Ballet Philippines (BP) is banking on kids to diversify its audience mix and create an expanded audience for dance.
The Cultural Center of the Philippines’ (CCP) resident company is cultivating a child-friendly image through Batang BP, a program that familiarizes children with ballet as an art form and the pleasures of a live performance through tours, eventually, but meanwhile, through storybooks.
Under the quarantine, BP generates this dialogue through “BP Tales, Tots and Tutus,” a section of its website, Ballet Philippines OnStream (ballet.ph). The section has short videos on arts-related values. Definitely a hit is the coloring book of a famous ballet, which can be downloaded for interactive play.
Opposite age groups
“Our current audience is much older,” says BP president Kathleen Liechtenstein. Tapping the millennial market was challenging since their mindsets have been shaped by popular culture. The company is going for a much younger age group, she says, preschoolers 3-5 years old who have impressionable minds.
Prepandemic, the advocacy of educating children on theater culture emerged out of complaints from the audience, adds Liechtenstein. BP invited schools to watch its shows through Share the Magic, a program that reserved free seats for kids, in an attempt to awaken their appreciation for the dance.
Following a narrative told through dance however proved daunting for the young spectators. They got antsy after a while; some would start conversing loudly, distracting the adults. BP addressed this by sending the school faculty guidelines on theater etiquette in advance. Before the show, the children were briefed on how to behave inside the CCP and what to expect during the performance.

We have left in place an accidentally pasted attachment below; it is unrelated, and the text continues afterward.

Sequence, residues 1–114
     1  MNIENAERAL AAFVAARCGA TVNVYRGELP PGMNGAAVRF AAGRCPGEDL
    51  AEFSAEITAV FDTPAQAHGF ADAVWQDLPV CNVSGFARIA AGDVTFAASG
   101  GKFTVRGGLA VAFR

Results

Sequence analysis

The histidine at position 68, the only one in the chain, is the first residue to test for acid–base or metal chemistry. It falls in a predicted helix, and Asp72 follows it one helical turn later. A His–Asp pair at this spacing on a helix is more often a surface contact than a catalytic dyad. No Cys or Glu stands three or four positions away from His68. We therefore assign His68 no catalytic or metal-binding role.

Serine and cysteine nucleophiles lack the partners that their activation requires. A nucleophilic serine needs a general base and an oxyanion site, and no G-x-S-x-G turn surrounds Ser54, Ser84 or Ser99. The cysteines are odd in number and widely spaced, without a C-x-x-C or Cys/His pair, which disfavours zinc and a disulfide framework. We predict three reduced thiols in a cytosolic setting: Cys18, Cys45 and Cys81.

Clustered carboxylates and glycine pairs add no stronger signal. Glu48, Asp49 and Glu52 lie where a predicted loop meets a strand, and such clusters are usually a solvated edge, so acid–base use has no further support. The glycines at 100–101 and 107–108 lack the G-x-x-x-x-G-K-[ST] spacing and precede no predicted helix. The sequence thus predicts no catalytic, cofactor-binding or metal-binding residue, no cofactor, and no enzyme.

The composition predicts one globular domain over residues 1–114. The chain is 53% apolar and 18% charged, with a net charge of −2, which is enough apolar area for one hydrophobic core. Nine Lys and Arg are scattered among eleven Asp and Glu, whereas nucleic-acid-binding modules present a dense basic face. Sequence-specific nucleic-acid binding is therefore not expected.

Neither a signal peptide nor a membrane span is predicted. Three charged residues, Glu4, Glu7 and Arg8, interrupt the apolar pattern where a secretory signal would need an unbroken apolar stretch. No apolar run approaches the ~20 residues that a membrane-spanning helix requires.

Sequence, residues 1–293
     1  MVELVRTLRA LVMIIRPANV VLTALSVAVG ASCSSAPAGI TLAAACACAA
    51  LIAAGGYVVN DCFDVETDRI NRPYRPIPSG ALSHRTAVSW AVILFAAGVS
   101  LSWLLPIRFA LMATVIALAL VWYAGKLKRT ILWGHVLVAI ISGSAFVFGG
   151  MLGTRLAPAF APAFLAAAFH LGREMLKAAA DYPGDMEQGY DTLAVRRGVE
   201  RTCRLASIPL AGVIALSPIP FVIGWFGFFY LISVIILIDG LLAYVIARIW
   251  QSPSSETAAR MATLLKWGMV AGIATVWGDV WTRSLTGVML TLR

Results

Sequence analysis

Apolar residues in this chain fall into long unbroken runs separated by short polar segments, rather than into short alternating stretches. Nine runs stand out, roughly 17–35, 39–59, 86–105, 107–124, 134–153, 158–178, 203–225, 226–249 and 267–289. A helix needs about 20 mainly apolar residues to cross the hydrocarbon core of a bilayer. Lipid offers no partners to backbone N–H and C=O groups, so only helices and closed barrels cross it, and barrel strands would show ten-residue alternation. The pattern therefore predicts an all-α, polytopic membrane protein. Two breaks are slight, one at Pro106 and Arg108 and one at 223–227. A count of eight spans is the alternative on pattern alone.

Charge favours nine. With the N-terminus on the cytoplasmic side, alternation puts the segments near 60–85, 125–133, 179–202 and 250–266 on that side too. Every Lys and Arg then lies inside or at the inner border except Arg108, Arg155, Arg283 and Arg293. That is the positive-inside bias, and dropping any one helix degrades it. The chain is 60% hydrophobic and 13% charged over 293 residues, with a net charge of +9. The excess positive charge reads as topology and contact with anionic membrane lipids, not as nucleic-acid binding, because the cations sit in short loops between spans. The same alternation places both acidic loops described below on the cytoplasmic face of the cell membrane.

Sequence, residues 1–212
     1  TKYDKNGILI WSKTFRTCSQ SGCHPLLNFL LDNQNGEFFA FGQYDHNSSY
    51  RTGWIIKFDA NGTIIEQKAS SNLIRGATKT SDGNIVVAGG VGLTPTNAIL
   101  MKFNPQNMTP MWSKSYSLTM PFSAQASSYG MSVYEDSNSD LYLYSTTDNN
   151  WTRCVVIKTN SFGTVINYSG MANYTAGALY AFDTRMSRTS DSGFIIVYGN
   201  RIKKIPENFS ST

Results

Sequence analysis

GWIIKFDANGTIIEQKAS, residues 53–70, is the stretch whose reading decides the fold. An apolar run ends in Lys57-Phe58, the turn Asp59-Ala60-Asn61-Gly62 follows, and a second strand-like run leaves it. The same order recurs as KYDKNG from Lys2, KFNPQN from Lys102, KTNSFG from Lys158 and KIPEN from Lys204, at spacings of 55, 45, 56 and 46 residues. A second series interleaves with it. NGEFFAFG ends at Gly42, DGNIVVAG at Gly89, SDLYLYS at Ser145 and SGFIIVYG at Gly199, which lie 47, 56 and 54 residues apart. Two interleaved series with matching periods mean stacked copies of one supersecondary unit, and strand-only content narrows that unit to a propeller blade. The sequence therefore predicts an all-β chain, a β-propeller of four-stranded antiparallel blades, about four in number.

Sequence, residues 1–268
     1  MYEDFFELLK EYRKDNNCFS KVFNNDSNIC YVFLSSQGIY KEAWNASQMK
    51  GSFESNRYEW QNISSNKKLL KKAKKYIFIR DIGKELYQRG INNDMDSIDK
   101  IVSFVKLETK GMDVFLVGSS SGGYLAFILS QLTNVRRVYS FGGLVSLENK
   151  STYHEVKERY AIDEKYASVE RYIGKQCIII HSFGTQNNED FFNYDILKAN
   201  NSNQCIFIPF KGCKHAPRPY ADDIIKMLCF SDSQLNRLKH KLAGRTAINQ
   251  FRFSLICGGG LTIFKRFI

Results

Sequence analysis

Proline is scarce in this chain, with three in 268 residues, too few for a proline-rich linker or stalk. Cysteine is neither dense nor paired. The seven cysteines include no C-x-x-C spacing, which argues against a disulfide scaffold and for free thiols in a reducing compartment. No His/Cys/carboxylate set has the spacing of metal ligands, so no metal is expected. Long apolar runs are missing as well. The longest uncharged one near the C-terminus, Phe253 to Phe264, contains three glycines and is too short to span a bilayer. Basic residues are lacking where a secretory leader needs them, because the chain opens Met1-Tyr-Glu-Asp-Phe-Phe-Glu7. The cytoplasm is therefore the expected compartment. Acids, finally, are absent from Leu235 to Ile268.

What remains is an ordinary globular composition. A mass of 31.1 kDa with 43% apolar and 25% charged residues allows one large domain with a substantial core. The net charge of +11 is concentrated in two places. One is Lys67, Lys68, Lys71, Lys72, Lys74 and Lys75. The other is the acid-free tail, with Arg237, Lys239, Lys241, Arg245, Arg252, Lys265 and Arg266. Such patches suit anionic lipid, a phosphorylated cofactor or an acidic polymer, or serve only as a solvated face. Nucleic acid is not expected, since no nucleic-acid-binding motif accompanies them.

At the time, Batang BP was already being drawn up as an outreach program that would originally start with 100 nursery schools. The game plan was, a storyteller would read a ballet narrative while a costumed character, say the Sugar Plum Fairy, danced. This would be followed by a question-and-answer portion, and then the ballerina would hand out comic books or coloring books of the story ballet as souvenirs.
“We thought the children should see that there was more to dance than ocho-ocho (twerking),” says Liechtenstein.
Despite the continuing freeze on the live entertainment industry, she believes that audience education should continue, if only on a digital platform. This makes BP OnStream a viable response to the pandemic: Keep the audience engaged and introduce BP to a new market. The website offers free ballet classes with foreign guest teachers, videos from BP’s repertoire, profiles of BP dancers, choreographic studies and also lifestyle tips from experts in different fields.
As for the kiddie corner, Liechtenstein explains, “Children’s movements are curtailed at this time, especially if they live in condos. They are likely to be in front of gadgets for long periods, so we came up with that.”
“Tales, Tots and Tutus” offers mini-classes and short videos on etiquette—how to properly use mobile phones, how to watch a ballet, even table manners. Most anticipated feature, it’s turning out, is “The Nutcracker,” a coloring and storytelling book that can be printed out. Liechtenstein imagines that, in the future, knowing the plot in advance through the coloring books will make it easy for children to keep in step during a performance. She reports that BP has received hundreds of positive feedback on the children’s section. One mother found that it provided bonding time with her daughter and a chance to reminisce on her own childhood. Plans are afoot to introduce coloring books on “Coppelia,” “Peter Pan,” “Cinderella” and “Sleeping Beauty.” A ballet animation is likewise being developed.
With all these components, “Tales, Tots and Tutus” under the Batang BP brand aims to build anticipation for ballet among the kids, and perhaps guarantee an enjoyable experience each time they go to the CCP.
“It’s empowering for Filipinos to have choices in entertainment,” says Liechtenstein.
Already, she is planning a post-COVID future for BP. “There are 27 million unemployed. Both the national economy and individual buying power are down. Yet people will always want to be entertained. The government may see art as nonessential but even in times of depression, people need to smile now and then. Art can deliver that relief.” —CONTRIBUTED